The symbolism of heraldry can be derived from a name, an occupation, a personality characteristic, or a special event or deed. Many scholars believe that much of the older heraldic symbols such as the eagle or lion may derive from much earlier sources, specifically the Roman Empire, Babylon, Assyria or even Egypt. Arthur Charles Fox-Davies ("A Complete Guide To Heraldry") agrees with other scholars that there is special symbolism in the charges and crests of a coat-of-arms. He disagrees, however, with the notion that colors held any special symbolism. It may be true that the symbolism of colors is a presumption on the part of occultists. He is also skeptical of the idea that heraldic symbols have any special relationship to the ancient cultures. I personally disagree with this assessment. I think it entirely possible that heraldic symbols can be traced to great antiquity. It must be remembered that the western world in general and Europe in particular owes its culture to the Roman Empire. Rome, in turn, borrowed much of it's culture from ancient Greece which in turn absorbed culture from the Persians, and earlier, from Assyria and Babylon. It is difficult, and often impossible to prove conclusively that heraldic symbols were indeed carried down over 4000 years. Yet it is still a possibility and shouldn't be ignored.

These shield charges were also used to identify an individual on official documents. The shield and charges were engraved in a metal stamp which was used to impress the design into sealing wax. This wax stamp was then used to seal the document or could be placed at the bottom of the document in lieu of a signature. This was especially useful in medieval Europe when most people were illiterate except for priests and scribes, or those royals or nobles who had access to education.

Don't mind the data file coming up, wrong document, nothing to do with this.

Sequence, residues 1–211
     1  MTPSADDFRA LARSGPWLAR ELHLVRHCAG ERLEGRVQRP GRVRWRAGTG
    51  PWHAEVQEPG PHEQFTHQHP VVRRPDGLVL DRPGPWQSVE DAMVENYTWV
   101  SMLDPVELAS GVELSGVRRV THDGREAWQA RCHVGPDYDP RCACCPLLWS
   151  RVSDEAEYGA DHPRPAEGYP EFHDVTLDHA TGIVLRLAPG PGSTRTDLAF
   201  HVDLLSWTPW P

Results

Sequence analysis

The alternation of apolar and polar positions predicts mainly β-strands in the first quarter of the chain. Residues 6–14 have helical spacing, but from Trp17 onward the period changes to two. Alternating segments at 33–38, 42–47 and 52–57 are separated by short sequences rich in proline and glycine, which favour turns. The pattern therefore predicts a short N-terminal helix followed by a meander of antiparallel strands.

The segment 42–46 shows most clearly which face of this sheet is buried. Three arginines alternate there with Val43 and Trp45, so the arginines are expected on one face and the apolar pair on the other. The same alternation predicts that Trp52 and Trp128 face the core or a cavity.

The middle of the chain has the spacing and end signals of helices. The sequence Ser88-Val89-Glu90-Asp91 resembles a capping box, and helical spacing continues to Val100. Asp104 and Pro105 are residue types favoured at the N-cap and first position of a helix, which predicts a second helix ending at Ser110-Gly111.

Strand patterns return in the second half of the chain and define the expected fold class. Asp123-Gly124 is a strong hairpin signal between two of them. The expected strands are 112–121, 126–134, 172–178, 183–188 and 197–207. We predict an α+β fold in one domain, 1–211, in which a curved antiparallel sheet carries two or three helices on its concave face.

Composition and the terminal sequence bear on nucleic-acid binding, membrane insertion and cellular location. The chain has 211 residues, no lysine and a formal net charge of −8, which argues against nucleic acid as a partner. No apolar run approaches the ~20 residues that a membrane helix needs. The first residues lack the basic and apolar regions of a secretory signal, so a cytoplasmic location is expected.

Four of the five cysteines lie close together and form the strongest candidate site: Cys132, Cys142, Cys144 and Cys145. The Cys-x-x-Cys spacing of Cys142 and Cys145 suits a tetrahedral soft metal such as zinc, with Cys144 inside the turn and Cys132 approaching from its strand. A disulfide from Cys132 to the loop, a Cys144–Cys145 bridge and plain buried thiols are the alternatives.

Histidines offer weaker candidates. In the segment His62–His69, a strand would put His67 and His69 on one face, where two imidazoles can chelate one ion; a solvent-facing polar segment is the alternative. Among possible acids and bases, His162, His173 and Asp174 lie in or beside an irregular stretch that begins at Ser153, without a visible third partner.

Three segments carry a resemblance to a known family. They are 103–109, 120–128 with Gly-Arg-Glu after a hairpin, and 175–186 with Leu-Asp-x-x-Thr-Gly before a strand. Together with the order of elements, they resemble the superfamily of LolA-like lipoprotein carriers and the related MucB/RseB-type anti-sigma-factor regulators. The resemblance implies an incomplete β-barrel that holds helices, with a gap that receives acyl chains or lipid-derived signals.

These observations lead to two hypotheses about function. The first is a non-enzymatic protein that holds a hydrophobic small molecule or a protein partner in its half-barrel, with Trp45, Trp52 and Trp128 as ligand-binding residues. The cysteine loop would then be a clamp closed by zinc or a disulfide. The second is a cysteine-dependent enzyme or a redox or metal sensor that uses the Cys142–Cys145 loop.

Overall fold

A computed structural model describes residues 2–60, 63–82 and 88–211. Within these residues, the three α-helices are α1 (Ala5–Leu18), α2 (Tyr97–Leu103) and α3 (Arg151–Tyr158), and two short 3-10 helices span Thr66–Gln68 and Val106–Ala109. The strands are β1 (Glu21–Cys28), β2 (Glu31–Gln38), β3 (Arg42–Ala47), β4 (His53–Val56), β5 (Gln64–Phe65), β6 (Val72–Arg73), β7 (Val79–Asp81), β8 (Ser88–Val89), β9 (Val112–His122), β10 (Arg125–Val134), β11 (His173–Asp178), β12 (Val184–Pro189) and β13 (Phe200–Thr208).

The Helmet

In time the heraldic artists began recording these shields with a helmet on top of the shield. Some theorists believe this may have been done to represent the shield as it was hung on a peg under the fireplace mantelpiece when a warrior returned home from battle. The helmet would then be placed upon the mantle above the shield.


The Crest and "Heralds"

Knights often participated in tournaments as sporting events. These tournaments usually consisted of jousting, or tilting, and sometimes included hand-to-hand combat. Tournaments and combats were also used as means of settling legal disputes, in the belief that God would grant victory to the combatant who had the valid claim. Such methods of settling disputes may have been the origin of sword and pistol duels in Europe, and later, fast-draw gunfights in the American pioneering period. The practice of tournaments themselves may have evolved from the Roman gladiator fights centuries earlier.

In a tournament the knight would often wear an object fashioned from wood, metal or leather fixed to the top of his helmet as an additional decoration. This custom was probably derived from primitive Europe when the chieftains of tribes and clans would sometimes wear headgear or objects on the headgear as a symbol of authority. This object was called the crest. A herald would announce the arrival of the knight or combatant and his entry into the tournament, and would describe his place of origin, his colors and charges. This is the origin of the term "Heraldry".